Pop culture obsessives writing for the pop culture obsessed.
Pop culture obsessives writing for the pop culture obsessed.

Old 97's: Satellite Rides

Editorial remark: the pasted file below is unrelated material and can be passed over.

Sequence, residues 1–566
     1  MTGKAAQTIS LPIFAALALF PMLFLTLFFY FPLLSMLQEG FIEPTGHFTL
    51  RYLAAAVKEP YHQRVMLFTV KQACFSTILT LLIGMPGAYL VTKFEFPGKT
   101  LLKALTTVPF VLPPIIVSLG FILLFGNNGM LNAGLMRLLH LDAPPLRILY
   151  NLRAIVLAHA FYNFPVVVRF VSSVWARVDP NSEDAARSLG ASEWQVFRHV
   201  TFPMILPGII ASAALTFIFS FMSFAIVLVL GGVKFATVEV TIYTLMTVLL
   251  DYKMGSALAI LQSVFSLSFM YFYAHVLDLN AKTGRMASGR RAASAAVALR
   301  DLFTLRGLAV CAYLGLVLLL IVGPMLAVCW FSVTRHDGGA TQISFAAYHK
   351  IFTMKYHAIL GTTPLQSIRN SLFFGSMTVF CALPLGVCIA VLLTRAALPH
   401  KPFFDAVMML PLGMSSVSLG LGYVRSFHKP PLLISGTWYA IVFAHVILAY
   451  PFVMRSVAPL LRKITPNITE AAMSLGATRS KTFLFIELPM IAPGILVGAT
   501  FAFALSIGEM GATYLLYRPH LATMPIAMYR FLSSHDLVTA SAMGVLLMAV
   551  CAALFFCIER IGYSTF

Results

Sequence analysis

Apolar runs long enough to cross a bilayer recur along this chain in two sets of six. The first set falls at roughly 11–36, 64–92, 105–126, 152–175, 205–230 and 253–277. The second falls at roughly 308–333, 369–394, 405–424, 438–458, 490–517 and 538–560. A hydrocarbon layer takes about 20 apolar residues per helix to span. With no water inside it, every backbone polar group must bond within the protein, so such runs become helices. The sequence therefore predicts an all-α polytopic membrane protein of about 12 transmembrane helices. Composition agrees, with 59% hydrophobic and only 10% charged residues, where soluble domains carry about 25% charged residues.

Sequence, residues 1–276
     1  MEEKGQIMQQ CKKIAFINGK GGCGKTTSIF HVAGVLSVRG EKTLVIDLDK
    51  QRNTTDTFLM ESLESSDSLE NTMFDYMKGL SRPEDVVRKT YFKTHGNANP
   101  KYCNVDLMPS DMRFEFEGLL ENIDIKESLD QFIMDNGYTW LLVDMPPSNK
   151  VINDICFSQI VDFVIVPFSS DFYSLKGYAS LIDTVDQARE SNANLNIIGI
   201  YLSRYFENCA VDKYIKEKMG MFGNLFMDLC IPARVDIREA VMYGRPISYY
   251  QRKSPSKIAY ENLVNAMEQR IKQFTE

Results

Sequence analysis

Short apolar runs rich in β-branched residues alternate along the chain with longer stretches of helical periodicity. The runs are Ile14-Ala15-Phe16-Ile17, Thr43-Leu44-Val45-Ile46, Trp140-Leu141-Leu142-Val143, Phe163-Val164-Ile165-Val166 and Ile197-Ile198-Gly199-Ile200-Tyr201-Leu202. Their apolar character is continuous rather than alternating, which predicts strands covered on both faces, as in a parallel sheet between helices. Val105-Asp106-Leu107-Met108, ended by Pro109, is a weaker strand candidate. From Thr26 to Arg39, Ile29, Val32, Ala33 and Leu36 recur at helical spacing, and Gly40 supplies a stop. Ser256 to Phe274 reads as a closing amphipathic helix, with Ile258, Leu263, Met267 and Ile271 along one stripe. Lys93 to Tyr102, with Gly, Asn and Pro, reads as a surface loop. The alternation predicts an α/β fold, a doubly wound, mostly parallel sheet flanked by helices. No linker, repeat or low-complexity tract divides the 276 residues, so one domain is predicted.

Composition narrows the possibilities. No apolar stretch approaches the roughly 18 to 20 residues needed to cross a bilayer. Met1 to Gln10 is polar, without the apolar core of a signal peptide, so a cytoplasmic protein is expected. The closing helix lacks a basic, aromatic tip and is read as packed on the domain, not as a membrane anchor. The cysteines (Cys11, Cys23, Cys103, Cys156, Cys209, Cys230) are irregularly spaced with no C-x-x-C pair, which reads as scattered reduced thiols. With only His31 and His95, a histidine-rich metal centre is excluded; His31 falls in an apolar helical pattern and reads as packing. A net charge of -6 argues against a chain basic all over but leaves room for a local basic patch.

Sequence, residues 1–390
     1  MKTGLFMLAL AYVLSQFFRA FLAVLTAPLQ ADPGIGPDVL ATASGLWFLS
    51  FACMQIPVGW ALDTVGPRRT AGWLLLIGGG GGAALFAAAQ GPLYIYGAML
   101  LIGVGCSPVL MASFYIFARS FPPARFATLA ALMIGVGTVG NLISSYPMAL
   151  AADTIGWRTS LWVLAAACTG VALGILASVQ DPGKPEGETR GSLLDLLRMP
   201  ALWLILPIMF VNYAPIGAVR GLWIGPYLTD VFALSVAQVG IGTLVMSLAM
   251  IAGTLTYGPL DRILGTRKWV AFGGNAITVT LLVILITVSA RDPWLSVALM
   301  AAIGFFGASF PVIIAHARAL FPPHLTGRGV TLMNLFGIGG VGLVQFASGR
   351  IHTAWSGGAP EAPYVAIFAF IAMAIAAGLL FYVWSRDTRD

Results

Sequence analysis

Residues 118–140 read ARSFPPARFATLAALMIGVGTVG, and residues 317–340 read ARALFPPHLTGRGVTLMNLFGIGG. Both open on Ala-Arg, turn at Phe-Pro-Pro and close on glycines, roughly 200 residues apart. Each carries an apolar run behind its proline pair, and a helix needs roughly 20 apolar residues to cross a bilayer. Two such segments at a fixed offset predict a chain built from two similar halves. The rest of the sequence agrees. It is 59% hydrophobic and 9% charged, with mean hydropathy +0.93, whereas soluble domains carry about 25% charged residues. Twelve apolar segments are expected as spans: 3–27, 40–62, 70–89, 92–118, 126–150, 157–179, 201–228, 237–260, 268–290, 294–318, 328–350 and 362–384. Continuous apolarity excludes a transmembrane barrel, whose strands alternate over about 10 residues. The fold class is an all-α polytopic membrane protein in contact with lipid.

Within the first few seconds of the new Satellite Rides, fans of Old 97's may find themselves pondering the point at which their favorite alt-country band morphed into a power-pop outfit. They should probably spend the next few seconds figuring out how not to care. "King Of All The World," one of Satellite's numerous stand-out tracks, sounds like the work of a Matthew Sweet disciple; it's a snappy, propulsive pop song that lays the hooks out fast and thick without overstating its case or overstaying its welcome. By the no-less-catchy track that follows, "Rollerskate Skinny," frontman/songwriter Rhett Miller and company have found their twang again, making it clear that they haven't disposed of their country influence, just made it part of a larger vision. Satellite Rides furthers the journey Old 97's began with 1999's Fight Songs—away from the honky-tonks and toward a hybrid rock sound centered on Miller's moody, smart songs, with some estimable help from bassist and songwriter Murry Hammond. Halfway through, the album even takes a breather on the lovely voice-and-guitar ballad "Question," but the band sounds just as intimate on the scorching follow-up "Am I Too Late" and "Bird In A Cage," Satellite's best shot at a semi-hit along the lines of "Nineteen." Where Fight Songs seemed like a transitional effort, Satellite sounds like Old 97's has reached its destination: classic American pop mongrelized to perfection.


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